For which alterations on a personal check in the US does one need to initial?

Crossing out one's old address on a personal check is possible. Crossing out an outdated address is not necessary in the first place, so does one need to initial if one decides to do so?

What about other possible alterations on a check? (Only certain alterations are possible. If someone knows which exactly, please improve this question.)

2 Answers 2


You should initial for any alteration made to the check. Article 3, section 407 of the Uniform Commercial Code, which deals with altered checks, specifies a wide array of actions that constitute an altered check, so you want to make sure that you've initialed for any change you make to the check that would constitute an "altered check" without such authorization.

(a) "Alteration" means (i) an unauthorized change in an instrument that purports to modify in any respect the obligation of a party, or (ii) an unauthorized addition of words or numbers or other change to an incomplete instrument relating to the obligation of a party.

If you need to change the amount, however, you're probably better off shredding the check. Remember that it's very easy for someone to commit fraud if they get your account number. If you don't have access to a shredder, see Victor's comment for an easy way to securely shred the check.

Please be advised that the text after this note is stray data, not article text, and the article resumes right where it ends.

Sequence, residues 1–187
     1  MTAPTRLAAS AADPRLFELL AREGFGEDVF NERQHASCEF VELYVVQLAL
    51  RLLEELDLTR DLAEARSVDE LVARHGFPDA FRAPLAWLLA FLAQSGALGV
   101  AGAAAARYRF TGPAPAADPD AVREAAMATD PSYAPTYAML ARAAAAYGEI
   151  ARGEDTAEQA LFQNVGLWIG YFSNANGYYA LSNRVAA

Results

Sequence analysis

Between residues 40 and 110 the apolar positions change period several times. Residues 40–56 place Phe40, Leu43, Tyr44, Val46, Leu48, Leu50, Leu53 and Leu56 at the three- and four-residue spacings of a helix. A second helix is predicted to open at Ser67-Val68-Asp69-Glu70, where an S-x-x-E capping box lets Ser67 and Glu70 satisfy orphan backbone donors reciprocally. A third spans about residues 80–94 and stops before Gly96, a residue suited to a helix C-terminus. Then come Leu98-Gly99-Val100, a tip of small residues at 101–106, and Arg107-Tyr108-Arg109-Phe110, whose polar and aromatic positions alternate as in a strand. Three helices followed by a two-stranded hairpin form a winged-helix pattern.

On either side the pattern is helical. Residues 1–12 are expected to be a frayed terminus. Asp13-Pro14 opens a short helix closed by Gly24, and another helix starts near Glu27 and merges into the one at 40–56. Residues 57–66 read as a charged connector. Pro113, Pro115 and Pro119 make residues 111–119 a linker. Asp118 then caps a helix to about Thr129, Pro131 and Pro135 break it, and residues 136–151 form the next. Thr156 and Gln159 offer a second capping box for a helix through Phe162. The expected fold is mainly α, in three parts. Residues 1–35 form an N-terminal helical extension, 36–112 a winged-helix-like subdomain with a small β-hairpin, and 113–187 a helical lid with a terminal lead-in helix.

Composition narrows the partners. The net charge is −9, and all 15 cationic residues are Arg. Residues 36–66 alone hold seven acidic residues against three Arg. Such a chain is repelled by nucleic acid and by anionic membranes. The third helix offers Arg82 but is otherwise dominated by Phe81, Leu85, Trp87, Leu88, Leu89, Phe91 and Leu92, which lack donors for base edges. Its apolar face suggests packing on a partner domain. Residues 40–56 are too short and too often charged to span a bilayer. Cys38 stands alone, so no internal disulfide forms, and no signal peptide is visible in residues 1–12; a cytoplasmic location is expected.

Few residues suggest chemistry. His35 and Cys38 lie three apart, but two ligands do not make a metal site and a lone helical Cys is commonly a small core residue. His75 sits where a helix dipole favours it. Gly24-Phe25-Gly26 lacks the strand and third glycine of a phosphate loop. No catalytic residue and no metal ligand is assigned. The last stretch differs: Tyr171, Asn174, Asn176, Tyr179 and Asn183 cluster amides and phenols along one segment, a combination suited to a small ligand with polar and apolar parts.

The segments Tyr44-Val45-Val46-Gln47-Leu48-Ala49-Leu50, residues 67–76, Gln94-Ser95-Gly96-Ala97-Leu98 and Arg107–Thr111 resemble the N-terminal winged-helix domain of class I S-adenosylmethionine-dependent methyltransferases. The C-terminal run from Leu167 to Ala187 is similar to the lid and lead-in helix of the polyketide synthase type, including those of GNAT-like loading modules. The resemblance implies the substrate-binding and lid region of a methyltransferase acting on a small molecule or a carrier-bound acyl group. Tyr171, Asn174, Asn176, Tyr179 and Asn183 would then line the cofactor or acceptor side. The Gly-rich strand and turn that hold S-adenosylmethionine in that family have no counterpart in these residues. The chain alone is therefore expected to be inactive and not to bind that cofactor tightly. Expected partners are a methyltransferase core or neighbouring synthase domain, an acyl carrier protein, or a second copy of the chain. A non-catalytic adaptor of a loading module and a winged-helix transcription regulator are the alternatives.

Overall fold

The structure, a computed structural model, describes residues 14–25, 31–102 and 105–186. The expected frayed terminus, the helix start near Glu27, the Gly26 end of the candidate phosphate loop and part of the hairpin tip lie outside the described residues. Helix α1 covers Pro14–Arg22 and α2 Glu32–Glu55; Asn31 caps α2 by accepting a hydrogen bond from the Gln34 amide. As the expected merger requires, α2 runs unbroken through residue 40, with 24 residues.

• 1
    When I tear up a check or old credit card or anything like that, I cut it up into small pieces making it into a complex jigsaw puzzle and I make sure I cut across the account number a few time. I then place some parts in one waste bag and the rest in another.
    – Victor
    Commented May 18, 2013 at 21:52
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    @Victor That's fine. My office has an incinerator and I have a cross-cut shredder at home, so it's quicker for me to use those. Commented May 18, 2013 at 21:56
  • I am agreeing with you John and giving an option for those without a shredder.
    – Victor
    Commented May 18, 2013 at 22:14

I would say that any alteration would need to be initialled.

However, if you make a mistake on the amount payable on the cheque (check) or the payee details, I would suggest tearing up the cheque (check) and writing up a new one.


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